P1100840Pink-footed Geese at sunset

P1100836Moon rising over Holkham pines

3rd January 2015 – Inaugural Owl Tour

The first tour of the New Year and the first Owl Tour of the winter today. It did not feel like a promising start with rain from the off – never ideal weather for owls. However, the forecast suggested the rain might pass through by late afternoon and, not to be put off, we set off to have a go.

Little Owls tend to like sunny days or warmth in the air, and will often sit out in the sun even in the depths of winter. Cold and rain did not seem like a likely combination to tempt one out. Arriving at the first Little Owl site and a quick scan revealed no sign. Still, we set up the scope and set about looking for other birds. Several flocks of geese were flighting from the coast, heading inland to feed; a large flock of Curlew was feeding in a stubble field; a Fieldfare flew up into the trees and a Great Spotted Woodpecker passed overhead.

P1100721Brent Geese – flying inland to feed this morning

Keeping one eye on the farm buildings in front of us, suddenly a shape appeared within the roof – a Little Owl! Unfortunately it was very brief and only one member of the group managed to see it before it disappeared back inside. However, we now felt a lot more confident and after a short wait (spent watching a Stoat running around among the buildings!), the Little Owl appeared again and this time sat still long enough for everyone to see it. A great start, with one species of owl under our belt already.

From there we meandered through the countryside inland from the coast, trying a number of different sites for owls, with no more success – it was just a bit too cold and wet. However, we did come across a beautiful pair of Red Kites, which flew out from a tree by the road as we passed. We stopped to watch them as they circled over the field and landed in another tree a safe distance away, from where we could get great views of them through the ‘scope. While we were standing there, several lines of Golden Plover flew overhead and inland and a Mistle Thrush perched up the hedge. We also came across a very good number of Kestrels on our travels – a good sign, possibly reflecting a productive breeding season last year.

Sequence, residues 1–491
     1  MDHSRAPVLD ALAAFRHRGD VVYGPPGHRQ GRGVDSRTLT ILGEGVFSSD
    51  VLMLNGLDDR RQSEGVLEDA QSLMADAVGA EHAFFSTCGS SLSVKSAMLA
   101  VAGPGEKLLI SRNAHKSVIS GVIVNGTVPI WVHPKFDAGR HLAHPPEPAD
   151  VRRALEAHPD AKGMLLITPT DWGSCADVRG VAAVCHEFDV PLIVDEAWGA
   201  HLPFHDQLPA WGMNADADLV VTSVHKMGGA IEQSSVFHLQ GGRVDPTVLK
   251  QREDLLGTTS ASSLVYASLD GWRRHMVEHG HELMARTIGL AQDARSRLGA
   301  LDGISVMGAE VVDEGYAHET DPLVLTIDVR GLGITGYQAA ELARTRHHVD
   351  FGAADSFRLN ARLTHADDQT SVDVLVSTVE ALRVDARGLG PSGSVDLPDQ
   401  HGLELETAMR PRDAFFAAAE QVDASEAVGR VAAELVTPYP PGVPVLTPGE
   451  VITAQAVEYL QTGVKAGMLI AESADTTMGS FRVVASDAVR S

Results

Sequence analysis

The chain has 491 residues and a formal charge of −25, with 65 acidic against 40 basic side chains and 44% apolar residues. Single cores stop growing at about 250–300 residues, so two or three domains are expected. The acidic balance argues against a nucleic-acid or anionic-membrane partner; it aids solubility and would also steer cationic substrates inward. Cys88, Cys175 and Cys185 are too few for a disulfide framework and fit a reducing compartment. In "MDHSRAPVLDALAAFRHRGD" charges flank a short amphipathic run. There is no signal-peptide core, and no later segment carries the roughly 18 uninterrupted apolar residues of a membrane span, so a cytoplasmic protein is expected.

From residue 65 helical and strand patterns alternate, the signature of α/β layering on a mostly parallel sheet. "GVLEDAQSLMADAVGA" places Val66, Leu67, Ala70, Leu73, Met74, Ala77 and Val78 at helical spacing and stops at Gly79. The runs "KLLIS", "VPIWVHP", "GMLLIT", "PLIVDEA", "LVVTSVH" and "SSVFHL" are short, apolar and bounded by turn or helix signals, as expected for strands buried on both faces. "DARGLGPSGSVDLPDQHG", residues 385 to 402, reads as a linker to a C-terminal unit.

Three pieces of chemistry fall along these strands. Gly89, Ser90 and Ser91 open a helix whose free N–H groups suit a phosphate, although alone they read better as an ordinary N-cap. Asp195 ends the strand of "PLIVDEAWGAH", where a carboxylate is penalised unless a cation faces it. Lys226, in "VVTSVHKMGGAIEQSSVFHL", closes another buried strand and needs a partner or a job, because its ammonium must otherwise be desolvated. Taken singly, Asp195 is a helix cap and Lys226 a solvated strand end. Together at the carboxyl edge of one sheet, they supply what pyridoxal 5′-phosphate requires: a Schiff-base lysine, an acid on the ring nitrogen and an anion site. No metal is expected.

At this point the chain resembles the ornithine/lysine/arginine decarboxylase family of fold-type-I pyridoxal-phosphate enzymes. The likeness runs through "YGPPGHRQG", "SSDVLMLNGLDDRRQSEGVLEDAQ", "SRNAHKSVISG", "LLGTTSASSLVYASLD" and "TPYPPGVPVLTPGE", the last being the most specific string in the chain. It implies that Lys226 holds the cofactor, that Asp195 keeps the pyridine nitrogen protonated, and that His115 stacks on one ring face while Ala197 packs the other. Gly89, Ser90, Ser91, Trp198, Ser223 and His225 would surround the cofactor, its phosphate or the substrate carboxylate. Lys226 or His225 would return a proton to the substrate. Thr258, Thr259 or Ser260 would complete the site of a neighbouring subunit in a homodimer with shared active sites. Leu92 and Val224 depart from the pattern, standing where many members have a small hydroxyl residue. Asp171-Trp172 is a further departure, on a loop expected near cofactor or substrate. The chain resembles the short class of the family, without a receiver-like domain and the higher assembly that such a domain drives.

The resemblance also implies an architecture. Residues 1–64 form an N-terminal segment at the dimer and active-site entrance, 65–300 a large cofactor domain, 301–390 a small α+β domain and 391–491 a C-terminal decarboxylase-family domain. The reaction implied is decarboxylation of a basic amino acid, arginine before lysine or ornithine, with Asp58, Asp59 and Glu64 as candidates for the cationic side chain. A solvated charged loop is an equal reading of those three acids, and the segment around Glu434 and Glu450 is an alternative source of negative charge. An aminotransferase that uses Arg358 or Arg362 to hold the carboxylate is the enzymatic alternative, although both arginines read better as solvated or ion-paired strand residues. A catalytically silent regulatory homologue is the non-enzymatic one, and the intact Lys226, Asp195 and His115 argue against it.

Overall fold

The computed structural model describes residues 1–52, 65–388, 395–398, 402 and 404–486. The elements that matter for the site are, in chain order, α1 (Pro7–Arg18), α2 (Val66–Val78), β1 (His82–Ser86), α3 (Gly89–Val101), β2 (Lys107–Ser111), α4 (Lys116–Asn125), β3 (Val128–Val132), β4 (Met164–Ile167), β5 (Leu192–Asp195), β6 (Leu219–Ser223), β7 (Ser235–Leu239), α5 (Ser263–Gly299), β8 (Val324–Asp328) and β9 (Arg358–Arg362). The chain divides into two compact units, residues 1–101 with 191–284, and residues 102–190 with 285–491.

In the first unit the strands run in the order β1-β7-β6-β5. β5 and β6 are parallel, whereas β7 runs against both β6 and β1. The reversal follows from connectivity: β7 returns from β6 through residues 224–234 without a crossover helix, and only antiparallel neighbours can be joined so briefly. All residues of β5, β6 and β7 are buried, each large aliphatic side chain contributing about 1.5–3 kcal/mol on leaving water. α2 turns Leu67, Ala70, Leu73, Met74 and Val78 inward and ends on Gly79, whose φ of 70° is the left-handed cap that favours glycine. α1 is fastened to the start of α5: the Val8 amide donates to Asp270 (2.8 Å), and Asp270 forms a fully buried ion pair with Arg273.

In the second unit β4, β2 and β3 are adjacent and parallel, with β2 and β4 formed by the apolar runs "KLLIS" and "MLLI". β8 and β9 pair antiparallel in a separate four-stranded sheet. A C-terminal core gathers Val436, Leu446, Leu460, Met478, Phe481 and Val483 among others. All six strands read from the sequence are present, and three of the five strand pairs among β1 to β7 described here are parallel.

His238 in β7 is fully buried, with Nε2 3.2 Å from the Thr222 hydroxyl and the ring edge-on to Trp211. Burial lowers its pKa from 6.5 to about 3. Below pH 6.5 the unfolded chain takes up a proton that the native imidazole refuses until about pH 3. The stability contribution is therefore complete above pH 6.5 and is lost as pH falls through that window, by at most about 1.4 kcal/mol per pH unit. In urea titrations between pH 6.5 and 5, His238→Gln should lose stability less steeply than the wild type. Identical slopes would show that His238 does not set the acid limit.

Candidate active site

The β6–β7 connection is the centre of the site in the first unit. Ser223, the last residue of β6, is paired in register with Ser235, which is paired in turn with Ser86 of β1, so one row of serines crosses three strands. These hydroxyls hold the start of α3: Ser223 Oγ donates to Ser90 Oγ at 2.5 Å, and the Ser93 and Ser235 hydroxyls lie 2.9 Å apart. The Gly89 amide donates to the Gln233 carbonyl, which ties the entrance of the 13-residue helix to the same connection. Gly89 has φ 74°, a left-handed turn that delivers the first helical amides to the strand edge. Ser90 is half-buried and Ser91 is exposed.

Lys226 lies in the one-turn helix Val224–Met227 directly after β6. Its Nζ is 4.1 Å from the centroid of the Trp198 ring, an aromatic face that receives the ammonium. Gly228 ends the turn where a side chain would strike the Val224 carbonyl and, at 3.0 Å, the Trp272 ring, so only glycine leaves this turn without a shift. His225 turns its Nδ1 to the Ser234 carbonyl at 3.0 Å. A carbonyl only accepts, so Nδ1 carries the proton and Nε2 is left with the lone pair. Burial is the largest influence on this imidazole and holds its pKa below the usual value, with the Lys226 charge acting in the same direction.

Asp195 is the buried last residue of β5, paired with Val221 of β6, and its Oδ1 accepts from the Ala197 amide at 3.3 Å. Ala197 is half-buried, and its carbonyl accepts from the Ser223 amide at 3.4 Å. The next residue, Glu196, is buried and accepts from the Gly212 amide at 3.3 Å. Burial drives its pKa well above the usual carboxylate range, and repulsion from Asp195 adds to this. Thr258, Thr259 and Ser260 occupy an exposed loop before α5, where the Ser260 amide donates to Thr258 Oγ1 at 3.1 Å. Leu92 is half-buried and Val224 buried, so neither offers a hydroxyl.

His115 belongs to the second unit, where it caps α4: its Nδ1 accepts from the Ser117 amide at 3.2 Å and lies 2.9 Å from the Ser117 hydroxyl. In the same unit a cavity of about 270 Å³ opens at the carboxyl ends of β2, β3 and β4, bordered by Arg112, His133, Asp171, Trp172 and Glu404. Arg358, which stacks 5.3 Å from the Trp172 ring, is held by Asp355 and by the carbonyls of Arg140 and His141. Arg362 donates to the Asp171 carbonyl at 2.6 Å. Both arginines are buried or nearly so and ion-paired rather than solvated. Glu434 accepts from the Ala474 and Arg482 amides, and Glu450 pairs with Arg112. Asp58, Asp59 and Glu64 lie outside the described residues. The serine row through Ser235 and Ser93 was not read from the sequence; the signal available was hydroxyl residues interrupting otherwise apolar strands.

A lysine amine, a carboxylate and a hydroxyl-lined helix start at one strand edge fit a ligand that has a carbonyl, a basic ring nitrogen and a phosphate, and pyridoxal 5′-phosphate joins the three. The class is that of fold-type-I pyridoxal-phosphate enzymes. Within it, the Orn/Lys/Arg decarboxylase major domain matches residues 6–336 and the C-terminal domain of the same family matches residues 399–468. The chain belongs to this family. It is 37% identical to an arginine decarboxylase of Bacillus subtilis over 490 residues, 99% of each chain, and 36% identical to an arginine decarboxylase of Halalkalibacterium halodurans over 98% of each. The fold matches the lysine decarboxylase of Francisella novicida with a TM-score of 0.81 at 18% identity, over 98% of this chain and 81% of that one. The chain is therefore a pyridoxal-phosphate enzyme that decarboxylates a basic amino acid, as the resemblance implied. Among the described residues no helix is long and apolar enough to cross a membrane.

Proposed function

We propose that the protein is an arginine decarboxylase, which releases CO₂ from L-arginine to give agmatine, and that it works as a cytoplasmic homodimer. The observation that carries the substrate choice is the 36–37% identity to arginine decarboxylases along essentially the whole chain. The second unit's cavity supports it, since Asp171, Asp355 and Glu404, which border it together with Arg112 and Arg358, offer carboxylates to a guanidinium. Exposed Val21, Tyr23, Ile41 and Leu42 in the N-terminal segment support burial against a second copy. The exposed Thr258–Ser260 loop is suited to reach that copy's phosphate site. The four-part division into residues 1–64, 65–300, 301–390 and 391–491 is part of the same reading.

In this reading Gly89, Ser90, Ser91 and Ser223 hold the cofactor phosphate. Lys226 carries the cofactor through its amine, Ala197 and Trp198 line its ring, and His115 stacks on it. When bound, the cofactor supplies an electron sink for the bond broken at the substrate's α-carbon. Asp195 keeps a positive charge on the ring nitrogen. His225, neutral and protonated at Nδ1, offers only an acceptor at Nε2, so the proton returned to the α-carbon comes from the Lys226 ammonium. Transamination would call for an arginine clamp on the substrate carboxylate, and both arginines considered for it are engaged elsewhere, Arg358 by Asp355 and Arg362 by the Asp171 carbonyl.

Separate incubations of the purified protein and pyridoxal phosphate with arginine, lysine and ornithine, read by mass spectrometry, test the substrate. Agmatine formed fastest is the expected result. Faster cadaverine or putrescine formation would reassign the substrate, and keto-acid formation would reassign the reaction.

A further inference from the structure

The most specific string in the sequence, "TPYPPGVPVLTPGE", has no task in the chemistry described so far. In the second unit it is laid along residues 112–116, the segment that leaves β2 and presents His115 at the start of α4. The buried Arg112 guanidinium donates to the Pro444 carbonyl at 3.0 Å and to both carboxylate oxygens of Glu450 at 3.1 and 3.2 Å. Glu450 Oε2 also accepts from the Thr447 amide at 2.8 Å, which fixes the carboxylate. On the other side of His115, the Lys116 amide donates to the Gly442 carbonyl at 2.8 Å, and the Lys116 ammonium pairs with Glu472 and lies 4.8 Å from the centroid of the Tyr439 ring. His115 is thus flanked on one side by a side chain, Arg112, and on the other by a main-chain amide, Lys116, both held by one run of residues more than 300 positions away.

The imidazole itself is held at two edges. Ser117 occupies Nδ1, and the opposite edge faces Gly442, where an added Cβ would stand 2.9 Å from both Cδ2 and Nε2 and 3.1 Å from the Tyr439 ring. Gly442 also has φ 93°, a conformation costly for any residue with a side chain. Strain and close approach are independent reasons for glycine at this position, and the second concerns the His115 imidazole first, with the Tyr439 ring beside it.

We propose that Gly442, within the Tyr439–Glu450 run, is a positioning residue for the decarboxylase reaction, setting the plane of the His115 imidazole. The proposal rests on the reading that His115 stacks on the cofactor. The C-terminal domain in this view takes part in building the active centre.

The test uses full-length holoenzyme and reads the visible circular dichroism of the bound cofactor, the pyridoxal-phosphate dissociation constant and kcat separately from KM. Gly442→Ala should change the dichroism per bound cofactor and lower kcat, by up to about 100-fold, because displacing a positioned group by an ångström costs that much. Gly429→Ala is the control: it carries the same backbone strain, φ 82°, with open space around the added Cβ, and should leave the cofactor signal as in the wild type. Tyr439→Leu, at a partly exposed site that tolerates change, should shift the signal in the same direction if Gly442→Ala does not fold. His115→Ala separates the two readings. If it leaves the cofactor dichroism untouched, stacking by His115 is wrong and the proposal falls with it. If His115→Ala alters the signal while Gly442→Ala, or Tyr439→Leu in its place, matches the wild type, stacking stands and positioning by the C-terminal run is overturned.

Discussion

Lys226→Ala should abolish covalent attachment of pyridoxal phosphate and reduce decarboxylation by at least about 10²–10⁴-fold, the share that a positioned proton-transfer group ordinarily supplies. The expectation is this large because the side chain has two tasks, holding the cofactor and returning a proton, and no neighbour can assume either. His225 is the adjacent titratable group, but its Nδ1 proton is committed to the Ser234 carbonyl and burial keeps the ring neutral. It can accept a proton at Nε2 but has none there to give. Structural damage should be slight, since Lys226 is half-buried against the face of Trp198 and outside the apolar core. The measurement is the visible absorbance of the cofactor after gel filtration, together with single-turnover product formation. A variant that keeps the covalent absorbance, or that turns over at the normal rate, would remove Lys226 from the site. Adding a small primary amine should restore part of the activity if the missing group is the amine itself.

IMG_2117Red Kite – we got great views of a pair of these majestic birds today

With the rain now redoubling its efforts to put us off, we headed down to Titchwell to seek shelter in the hides (and a hot drink in the cafe!), during the quieter owl time in the middle of the day.The water levels on the freshmarsh have been raised for management purposes, which means that most of the islands are now under water. The Brent Geese were enjoying it, as well as a large number of Pochard and a few Tufted Duck. A few ducks and small group of Avocets were clustered onto the few remaining small islands. A Water Rail and several Bearded Tits called from the reedbed, but did not feel like showing themselves.

Despite the high water levels, we still managed to see a very healthy selection of wildfowl and waders. Ducks included Wigeon, Teal, Mallard, Shoveler and Shelduck. The Volunteer Marsh was alive with waders, including more Avocets, Grey PloverLapwing, Knot, Dunlin, Black-tailed Godwit, Redshank and Turnstone. Out on the beach we added Bar-tailed Godwit, Ringed Plover and Oystercatcher to that list. The sea was fairly quiet, though a nice raft of Red-breasted Mergansers was out on the water. However the highlight came on the way out, when a commotion at the tidal pools saw ducks and waders scatter in all directions as a young Peregrine appeared and proceeded to stoop repeatedly and distinctly ineffectually into the melee! It also flushed the mixed flock of Twite, Linnet and Goldfinch which had been on the beach and which flew overhead.

P1100731Black-tailed Godwit – there was a good selection of waders at Titchwell today

After lunch, a hot drink and an attempt at drying ourselves out, it appeared that the rain might be easing – as had been forecast earlier on. The aim of the day was to find owls, so we set off in search of them again, in the hope that an end to the wet weather might tempt them out. A short drive back to Burnham Overy and we set off across the grazing marshes.